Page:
I am a third-year Ph.D. student working with Eric Kiser in the Global Seismology and Tectonics (GSAT) group at the University of Arizona. I investigate the relationships between earthquake source properties, physical mechanisms that control slip on faults, and social hazards. Our primary tool for investigating the source properties of large earthquakes is the back-projection method, for which we have developed a new genetic algorithm-based approach that selects an optimal subset of seismic stations that reduces artifacts and increases the resolution of back-projection results (see Projects).
2018 MW 6.9 Hawaiʻi Earthquake
Large volumes of volcanic output and high rates of seismicity occurred near the south flank of Kīlauea beginning in April 2018. Associated with this activity was a MW 6.9 earthquake on 4 May 2018. Using a novel genetic algorithm-based back-projection technique, the complex rupture properties of this event are imaged. The dominant feature of this earthquake is a slow western-propagating rupture that overlaps with the location of previous slow slip events. The rupture properties imaged in this study can be explained by slip on a décollement composed of soft sediments with small velocity-weakening asperities.
In the back-projection result shown above, the normalized waveform coherence of the 2018 MW 6.9 Hawaiʻi mainshock is plotted as a function of time (hypocentral time is 0 s). The white line is the coastline of Hawaiʻi and the black lines are faults. The white dots indicate the maximum coherence value location for each 1 s time step.
Read more: https://doi.org/10.1029/2018GL080397
Genetic Algorithm-based Back-Projection Method
Back-projection studies typically use a single dense, teleseismic array to image the rupture properties of a large earthquake. Waveforms recorded across these types of arrays are generally coherent, assisting the back-projection process and reducing artifacts in the source image. However, the small aperture of a single teleseismic array limits the overall resolution of the back-projection result. Some studies have introduced larger (e.g., global) distributions of seismic stations for the purpose of increasing array aperture and enhancing back-projection resolution. However, this approach samples additional earth structure and reduces waveform coherence across the array, resulting in artifacts in the back-projection result. One way to mitigate this problem is to remove the stations responsible for producing these artifacts. This can be accomplished by visual inspection or by introducing a measure of waveform similarity across the array (i.e., coherence values), but these techniques are not always successful.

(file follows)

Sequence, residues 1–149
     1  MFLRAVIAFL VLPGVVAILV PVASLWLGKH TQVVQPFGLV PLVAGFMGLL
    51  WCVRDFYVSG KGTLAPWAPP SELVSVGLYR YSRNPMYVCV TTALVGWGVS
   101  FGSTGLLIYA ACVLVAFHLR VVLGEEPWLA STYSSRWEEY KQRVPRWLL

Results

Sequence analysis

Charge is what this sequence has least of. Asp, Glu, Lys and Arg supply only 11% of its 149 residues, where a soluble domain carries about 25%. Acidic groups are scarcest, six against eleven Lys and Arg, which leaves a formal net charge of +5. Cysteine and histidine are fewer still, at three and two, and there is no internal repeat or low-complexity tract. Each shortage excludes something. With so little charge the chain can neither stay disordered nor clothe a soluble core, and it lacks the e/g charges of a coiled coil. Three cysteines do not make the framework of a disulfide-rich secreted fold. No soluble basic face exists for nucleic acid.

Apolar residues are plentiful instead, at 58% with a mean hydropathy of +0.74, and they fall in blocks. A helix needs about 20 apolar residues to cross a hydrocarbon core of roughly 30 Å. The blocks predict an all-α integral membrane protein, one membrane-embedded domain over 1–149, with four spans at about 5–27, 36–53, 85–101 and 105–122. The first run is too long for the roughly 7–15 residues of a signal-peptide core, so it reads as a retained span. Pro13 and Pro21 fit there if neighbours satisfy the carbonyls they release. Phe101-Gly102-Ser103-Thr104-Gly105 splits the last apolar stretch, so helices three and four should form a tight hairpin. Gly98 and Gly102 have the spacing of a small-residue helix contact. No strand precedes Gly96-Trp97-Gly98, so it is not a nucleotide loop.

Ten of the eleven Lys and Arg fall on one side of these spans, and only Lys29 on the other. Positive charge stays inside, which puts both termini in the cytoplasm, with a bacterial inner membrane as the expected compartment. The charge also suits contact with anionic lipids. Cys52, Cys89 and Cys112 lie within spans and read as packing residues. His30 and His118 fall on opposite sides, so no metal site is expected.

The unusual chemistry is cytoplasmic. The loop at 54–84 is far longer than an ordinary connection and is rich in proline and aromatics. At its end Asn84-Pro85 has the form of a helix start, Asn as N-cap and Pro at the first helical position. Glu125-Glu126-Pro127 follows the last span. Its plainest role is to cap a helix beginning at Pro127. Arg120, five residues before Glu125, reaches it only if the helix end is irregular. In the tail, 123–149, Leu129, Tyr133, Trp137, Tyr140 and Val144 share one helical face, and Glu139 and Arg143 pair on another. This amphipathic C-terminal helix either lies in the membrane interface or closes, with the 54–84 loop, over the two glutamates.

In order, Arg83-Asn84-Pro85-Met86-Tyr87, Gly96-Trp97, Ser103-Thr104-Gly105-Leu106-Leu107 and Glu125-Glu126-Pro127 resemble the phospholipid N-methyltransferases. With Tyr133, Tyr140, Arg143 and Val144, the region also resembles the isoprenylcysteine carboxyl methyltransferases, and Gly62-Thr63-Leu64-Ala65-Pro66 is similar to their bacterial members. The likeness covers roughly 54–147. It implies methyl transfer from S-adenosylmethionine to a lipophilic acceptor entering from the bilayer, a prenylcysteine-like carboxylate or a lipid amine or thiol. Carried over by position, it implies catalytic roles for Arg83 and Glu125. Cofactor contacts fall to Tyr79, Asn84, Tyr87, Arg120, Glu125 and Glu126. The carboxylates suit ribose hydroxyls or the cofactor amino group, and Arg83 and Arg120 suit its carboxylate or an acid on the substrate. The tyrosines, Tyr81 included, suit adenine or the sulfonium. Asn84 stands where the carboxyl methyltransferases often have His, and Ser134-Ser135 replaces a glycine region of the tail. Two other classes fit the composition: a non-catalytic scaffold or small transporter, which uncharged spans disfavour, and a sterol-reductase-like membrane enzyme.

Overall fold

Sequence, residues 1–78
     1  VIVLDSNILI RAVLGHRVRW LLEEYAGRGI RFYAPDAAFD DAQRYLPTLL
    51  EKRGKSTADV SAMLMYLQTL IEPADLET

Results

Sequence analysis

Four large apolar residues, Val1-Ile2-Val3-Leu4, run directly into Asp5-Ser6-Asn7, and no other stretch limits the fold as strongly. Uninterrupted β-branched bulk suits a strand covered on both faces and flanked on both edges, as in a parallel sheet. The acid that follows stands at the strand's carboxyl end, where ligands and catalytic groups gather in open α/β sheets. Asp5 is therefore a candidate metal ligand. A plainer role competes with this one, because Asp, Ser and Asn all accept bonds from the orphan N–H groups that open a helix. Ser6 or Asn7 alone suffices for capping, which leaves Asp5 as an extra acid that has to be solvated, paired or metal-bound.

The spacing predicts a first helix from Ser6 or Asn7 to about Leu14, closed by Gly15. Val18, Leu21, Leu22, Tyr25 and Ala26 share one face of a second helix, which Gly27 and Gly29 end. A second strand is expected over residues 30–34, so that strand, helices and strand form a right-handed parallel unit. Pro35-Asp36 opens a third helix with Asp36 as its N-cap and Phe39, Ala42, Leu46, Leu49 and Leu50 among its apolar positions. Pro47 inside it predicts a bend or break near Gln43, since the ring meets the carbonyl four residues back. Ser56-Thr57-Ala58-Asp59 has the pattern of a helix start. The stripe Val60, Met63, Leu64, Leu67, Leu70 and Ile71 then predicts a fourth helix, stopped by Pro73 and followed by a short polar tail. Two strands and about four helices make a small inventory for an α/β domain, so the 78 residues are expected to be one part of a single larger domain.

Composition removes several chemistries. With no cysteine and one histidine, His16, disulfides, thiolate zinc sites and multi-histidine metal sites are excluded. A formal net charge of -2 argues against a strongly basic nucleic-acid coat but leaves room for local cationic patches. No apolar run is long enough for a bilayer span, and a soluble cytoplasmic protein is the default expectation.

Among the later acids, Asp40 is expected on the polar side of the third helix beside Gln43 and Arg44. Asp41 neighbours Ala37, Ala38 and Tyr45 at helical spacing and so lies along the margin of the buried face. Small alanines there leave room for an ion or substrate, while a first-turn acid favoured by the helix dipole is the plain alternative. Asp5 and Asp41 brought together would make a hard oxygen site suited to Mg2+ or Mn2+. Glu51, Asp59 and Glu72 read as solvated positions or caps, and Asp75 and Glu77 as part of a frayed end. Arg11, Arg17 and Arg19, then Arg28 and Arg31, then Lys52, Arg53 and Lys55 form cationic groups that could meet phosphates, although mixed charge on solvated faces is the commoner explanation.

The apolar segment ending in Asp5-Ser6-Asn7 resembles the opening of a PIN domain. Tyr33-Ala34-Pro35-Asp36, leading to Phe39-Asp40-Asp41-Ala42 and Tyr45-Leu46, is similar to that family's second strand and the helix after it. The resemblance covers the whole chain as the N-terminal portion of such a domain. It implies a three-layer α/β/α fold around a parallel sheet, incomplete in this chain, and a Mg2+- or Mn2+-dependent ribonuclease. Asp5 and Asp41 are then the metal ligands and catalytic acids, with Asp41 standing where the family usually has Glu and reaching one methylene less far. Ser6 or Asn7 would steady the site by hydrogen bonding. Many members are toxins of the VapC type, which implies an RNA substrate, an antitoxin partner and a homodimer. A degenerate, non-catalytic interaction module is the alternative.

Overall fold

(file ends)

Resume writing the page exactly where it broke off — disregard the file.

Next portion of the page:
Instead, a genetic algorithm can be used to determine an optimal distribution of stations for back-projection. The key idea behind this approach is that small earthquakes should be imaged by the back-projection method as point sources and any additional imaged energy is likely an artifact. For a seismic network of M stations, an optimal back-projection network that maximizes the point source nature of a small earthquake can be found in 2M attempts. A genetic algorithm is used to reduce this number of attempts and find a near-optimal solution. This solution is then applied to the mainshock back-projection analysis, providing a comparable reduction in imaged artifacts.
The genetic algorithm is an iterative process (see below). N potential solutions of length M binary strings that represent a subset of stations are assigned a value according to a fitness function. Subsets of stations are identified proportionally to their fitness (roulette wheel selection) and are used to form a new set of N subsets of stations (crossover). These subsets of stations are, on average, better potential solutions to the problem. Random individuals undergo random changes to increase diversity and search more of the solution space (mutation). This cycle is repeated until a termination condition is reached.
Department of Geosciences
University of Arizona
1040 E. 4th Street
Tucson, AZ 85721